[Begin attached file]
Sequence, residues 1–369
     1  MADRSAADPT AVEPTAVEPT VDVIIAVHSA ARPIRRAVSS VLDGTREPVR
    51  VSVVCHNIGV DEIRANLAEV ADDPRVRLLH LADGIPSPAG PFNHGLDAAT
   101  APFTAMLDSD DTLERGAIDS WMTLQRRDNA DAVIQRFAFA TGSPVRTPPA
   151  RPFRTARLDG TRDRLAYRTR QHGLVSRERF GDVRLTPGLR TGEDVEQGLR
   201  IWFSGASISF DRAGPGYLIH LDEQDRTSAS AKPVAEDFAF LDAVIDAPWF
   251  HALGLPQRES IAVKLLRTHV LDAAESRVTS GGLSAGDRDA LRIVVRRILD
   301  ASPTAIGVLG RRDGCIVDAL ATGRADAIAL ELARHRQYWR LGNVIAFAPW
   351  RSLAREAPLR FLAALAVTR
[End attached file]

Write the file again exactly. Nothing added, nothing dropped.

Sequence, residues 1–369
     1  MADRSAADPT AVEPTAVEPT VDVIIAVHSA ARPIRRAVSS VLDGTREPVR
    51  VSVVCHNIGV DEIRANLAEV ADDPRVRLLH LADGIPSPAG PFNHGLDAAT
   101  APFTAMLDSD DTLERGAIDS WMTLQRRDNA DAVIQRFAFA TGSPVRTPPA
   151  RPFRTARLDG TRDRLAYRTR QHGLVSRERF GDVRLTPGLR TGEDVEQGLR
   201  IWFSGASISF DRAGPGYLIH LDEQDRTSAS AKPVAEDFAF LDAVIDAPWF
   251  HALGLPQRES IAVKLLRTHV LDAAESRVTS GGLSAGDRDA LRIVVRRILD
   301  ASPTAIGVLG RRDGCIVDAL ATGRADAIAL ELARHRQYWR LGNVIAFAPW
   351  RSLAREAPLR FLAALAVTR